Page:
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Spokane, Washington  Est. May 19, 1883
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Spokane Falls Community College to offer bachelor’s degree

Max Josquin, department chair of the Computer Science and Information Systems program at Spokane Falls Community College, is excited to be able to offer students the ability to earn a bachelor’s of applied science in information systems and technology this fall. (Colin Mulvany)
Max Josquin, department chair of the Computer Science and Information Systems program at Spokane Falls Community College, is excited to be able to offer students the ability to earn a bachelor’s of applied science in information systems and technology this fall. (Colin Mulvany)

Spokane Falls Community College will begin offering a four-year applied science degree.

The expansion is part of a statewide effort to boost educational opportunities targeting high-demand fields and is designed primarily for students with technical backgrounds. The school’s new bachelor of applied science in information systems and technology is intended to prepare students for jobs in rapidly growing computer-related fields.

“This is focused specifically on people getting jobs,” SFCC President Janet Gullickson said Wednesday. “It’s a pathway for technically educated folks to advance their careers.”

Graduates would most likely be hired as network and computer systems administrators, information security analysts, data specialists and network support specialists, all of which are career fields projecting at least an 11 percent increase in demand for trained workers. The program will be available for fall enrollment.

The state created applied science baccalaureate programs three years ago as a way to increase educational opportunities specific to workforce needs, and because students often have difficulty transferring two-year technical degrees to traditional four-year universities.

Community colleges wanting to expand beyond two-year associate degree programs must win approval from the Washington State Board for Community and Technical Colleges, which SFCC just received.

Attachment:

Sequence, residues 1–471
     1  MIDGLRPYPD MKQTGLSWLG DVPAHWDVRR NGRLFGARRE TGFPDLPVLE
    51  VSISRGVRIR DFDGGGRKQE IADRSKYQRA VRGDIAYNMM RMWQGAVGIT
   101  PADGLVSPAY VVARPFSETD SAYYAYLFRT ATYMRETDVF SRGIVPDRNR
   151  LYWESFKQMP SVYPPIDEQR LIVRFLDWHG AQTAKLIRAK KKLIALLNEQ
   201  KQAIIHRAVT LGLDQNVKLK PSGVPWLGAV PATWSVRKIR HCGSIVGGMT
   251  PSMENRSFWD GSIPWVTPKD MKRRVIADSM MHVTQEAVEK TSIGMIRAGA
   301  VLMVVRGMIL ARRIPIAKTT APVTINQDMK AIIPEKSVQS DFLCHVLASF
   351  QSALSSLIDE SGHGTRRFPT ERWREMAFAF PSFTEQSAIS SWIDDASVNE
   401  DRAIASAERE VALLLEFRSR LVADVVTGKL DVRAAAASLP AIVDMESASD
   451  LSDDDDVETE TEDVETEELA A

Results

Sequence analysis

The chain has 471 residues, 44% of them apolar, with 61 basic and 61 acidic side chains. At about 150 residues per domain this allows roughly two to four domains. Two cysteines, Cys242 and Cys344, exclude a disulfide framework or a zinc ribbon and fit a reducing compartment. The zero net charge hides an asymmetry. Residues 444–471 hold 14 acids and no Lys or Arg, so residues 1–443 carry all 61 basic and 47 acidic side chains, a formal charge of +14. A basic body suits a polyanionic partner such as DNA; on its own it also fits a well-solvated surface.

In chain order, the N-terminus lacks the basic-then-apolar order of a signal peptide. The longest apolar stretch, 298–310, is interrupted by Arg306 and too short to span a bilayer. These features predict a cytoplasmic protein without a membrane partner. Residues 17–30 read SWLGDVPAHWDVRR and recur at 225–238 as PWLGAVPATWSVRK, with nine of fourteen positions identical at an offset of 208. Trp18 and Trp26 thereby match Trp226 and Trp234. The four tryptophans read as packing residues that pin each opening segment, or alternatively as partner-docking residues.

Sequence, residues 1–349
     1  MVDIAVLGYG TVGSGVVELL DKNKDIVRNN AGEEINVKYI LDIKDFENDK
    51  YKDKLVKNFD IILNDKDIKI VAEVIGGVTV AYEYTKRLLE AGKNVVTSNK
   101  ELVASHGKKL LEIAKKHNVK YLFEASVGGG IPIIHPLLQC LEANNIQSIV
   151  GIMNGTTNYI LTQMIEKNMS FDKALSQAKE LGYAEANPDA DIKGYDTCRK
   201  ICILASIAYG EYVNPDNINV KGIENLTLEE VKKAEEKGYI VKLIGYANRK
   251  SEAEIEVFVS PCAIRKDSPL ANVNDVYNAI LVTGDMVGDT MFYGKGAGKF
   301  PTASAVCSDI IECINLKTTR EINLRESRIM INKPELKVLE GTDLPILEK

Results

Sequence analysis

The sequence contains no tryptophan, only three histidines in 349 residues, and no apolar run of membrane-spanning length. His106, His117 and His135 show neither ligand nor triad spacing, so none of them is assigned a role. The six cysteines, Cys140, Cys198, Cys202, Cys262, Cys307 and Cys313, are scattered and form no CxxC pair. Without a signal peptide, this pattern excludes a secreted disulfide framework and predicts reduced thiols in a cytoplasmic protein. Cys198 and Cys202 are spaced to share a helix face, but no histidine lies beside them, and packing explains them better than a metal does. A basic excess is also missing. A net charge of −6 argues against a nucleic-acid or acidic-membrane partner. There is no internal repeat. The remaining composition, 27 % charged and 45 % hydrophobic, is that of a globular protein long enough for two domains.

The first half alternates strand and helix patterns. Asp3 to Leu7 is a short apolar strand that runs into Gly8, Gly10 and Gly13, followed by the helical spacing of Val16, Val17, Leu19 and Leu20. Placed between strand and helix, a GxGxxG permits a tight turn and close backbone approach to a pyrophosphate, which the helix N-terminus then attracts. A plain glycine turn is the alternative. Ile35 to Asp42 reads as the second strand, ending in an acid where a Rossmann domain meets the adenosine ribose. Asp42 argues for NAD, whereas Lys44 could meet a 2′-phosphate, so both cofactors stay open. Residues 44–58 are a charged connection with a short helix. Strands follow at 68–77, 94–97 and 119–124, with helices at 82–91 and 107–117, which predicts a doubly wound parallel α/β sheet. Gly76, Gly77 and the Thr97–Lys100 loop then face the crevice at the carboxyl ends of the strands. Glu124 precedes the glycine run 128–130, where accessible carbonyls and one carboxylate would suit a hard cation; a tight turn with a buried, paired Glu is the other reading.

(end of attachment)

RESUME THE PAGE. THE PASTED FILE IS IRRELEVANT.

Among other things, the proposed degree must be in a field that isn’t already available at a nearby public university and must have an approved curriculum that universities offering master’s degrees would accept if graduates of the SFCC bachelor’s programs wanted to continue.

SFCC also has two other proposed bachelor’s degree programs still working their way through the state review process. One also is computer-related, while the other will be a business management degree. The classes primarily will be scheduled for late in the day and evenings to accommodate working students, Gullickson said.

The current expansion can be accommodated with existing facilities, though SFCC will need to add another computer lab and hire two additional faculty members, she said. The school is planning for 20 to 25 students enrolling in the bachelor’s program this fall.

Those most likely to enroll are students who already have earned associate’s degrees in SFCC’s existing computer technology program or are just finishing and want to earn a bachelor’s degree, which studies show increases job opportunities and boosts average earnings.

Students will continue to pay the cheaper community college tuition rates during their first two years of study, but the cost would climb to a rate comparable to the amount charged by Eastern Washington University during their third and fourth years. Full-time, in-state residents currently pay about $4,000 per academic year at SFCC and about $7,300 at EWU.

“Applied bachelor’s degrees will help the Spokane region grow to remain competitive,” Gullickson said.

So far, 16 community and technical colleges across Washington have received state approval to offer applied science bachelor’s degrees, according to the Washington State Board for Community and Technical Colleges.

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